They seriously take up what feels like 70% of the gameplay, with a high battle rate I might add. At times they can even go on for a few hours at a time (so go in prepared). It also doesn’t help that Rogue Galaxy treats them as the epitome of dull and recycled. Each new area of a dungeon looks almost, if not exactly the same as the last. It’s like the developers couldn’t be bothered to mix them up, just a little bit. There’s not even much to do in these dungeons other than leveling up and finding treasure chests. So you’re basically just running straight through the entire time, which gets pretty damn tiring. They did do the courtesy of placing various save points at least, but it doesn’t make up much for the poor design. At least in Dark Cloud 2 the dungeons were randomly generated to mix it up some. Call me subjective, but I think it’s safe to say that by the time you’ve gotten to the Gladius Towers, you will likely be begging for the game to throw you a bone and lay off the tediously excessive pathways and floors; but in reality, you’ll still have at least a few more to crawl up to.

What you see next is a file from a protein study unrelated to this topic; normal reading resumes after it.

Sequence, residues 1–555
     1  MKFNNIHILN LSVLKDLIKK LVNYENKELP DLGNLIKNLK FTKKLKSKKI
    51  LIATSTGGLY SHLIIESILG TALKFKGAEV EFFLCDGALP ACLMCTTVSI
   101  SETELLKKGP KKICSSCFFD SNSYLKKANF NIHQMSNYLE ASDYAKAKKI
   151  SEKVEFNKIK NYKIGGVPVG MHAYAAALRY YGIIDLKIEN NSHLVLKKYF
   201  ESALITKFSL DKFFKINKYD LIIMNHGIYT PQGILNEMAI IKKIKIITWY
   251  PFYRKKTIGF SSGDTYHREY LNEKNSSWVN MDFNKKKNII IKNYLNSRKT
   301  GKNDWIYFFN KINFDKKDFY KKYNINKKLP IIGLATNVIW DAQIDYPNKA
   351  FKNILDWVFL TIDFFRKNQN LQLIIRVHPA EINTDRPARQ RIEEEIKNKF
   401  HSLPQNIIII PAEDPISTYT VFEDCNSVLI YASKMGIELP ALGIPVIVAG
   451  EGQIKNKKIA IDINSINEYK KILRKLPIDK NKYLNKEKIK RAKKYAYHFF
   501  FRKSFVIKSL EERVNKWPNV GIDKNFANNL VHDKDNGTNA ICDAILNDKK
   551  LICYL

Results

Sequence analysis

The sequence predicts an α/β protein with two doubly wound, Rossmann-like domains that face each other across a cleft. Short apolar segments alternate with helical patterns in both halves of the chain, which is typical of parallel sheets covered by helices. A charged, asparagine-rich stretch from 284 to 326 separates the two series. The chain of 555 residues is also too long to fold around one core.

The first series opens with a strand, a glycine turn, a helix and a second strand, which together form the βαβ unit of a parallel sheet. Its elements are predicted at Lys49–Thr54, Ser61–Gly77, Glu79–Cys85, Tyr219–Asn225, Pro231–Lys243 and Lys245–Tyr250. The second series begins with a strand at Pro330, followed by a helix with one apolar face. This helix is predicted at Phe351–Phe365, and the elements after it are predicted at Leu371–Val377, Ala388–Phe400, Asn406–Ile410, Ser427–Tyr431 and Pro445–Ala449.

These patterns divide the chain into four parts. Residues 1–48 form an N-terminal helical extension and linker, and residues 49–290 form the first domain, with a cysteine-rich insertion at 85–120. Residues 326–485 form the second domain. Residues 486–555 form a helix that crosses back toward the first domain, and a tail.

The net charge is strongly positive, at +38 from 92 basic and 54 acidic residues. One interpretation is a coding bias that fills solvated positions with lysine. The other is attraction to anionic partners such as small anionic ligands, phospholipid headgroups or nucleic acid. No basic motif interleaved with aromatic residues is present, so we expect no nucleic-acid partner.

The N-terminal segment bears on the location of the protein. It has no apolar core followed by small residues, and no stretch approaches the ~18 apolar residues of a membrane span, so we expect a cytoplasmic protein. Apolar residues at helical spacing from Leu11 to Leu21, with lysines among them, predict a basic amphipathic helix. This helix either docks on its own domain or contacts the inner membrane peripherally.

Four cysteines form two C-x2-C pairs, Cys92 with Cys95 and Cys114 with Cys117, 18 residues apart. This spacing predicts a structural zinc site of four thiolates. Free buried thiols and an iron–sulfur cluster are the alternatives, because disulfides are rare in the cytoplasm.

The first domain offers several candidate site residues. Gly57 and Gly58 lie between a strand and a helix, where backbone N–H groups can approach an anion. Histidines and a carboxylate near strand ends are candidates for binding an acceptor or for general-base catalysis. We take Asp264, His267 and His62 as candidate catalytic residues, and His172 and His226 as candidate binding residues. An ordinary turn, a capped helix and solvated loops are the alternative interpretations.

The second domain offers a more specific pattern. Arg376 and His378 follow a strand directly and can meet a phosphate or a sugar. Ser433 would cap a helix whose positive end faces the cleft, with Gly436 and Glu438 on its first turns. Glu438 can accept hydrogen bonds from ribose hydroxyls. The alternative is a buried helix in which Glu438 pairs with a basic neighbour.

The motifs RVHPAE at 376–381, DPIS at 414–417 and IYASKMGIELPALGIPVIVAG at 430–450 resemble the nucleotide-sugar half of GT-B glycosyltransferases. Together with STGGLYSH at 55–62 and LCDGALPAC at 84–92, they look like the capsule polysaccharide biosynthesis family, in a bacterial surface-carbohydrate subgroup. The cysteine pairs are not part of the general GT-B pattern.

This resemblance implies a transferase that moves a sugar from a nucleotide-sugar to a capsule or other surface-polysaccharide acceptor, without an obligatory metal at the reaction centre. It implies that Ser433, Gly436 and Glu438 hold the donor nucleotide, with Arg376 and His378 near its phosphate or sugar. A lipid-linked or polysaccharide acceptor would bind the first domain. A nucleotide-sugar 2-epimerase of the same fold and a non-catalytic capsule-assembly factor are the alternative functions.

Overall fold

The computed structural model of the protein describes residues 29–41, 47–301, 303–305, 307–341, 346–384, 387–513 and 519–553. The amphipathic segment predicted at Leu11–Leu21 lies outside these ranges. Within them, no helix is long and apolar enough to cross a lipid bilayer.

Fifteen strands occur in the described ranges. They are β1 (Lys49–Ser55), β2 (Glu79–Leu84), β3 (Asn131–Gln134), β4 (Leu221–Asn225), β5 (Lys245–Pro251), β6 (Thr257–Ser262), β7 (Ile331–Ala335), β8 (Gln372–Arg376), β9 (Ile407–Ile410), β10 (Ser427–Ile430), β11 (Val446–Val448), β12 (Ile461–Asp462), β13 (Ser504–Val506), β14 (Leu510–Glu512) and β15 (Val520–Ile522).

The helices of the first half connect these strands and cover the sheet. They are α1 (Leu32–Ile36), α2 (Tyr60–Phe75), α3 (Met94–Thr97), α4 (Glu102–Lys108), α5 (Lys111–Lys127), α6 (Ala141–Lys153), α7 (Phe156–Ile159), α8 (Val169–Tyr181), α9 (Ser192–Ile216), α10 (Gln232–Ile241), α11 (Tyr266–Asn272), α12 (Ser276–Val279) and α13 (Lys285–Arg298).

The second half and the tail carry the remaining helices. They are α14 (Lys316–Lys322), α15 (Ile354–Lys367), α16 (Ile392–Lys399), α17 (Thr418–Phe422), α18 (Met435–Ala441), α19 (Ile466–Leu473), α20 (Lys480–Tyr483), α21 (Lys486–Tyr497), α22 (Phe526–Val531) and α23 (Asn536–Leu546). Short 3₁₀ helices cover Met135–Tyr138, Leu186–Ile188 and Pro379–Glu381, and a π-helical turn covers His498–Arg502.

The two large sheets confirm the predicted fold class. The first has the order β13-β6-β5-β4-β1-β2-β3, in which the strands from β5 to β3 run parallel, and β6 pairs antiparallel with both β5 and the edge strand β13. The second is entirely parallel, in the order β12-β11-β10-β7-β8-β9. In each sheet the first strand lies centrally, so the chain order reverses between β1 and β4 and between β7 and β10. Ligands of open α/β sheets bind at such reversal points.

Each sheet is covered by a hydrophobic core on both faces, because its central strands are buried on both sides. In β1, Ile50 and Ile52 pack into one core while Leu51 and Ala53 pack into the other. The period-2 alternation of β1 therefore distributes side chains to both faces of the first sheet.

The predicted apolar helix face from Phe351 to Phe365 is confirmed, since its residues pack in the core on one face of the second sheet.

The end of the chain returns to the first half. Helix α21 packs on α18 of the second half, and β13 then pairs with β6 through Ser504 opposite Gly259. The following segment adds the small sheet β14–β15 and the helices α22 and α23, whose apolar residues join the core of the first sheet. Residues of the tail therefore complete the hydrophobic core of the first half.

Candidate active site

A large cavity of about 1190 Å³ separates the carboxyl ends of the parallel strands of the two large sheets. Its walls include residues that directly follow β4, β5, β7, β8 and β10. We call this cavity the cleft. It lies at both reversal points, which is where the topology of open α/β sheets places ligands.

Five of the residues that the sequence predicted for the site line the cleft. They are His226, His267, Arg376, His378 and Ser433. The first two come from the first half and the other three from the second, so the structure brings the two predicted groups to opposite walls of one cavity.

Another thing I want to point out is the serious lack of balance in the combat. You’ll notice quickly that enemies are unusually powerful. While it will take you a good 10+ hits to kill the average beast, they can wipe out your HP in 3 or 4 (if you‘re not blocking), which is just crazy. They can even break your guards and daze you, leaving you completely wide open to attack, with their most basic combos. This prompts you into having to continuously bring up the sub menu during battle and constantly spam potions along with other healing items. I don’t mind challenging fights but the execution here just feels so sloppy to where I felt: “Is this really how I’m supposed to play this?” Battles basically just become attack, attack, block, and then if you get hit by a combo: potion, potion, and another potion. It ends up feeling pretty juvenile to be honest, there‘s no real strategy to be found here whatsoever. Another way that Rogue Galaxy is unbalanced is that your abilities are very strong compared to your normal attacks, some able to wipe out an entire hoard of enemies in 1 or 2 strokes. Meaning that most of you will likely just spam your abilities most of the time rather than having to worry about spamming items and waste time attacking head on.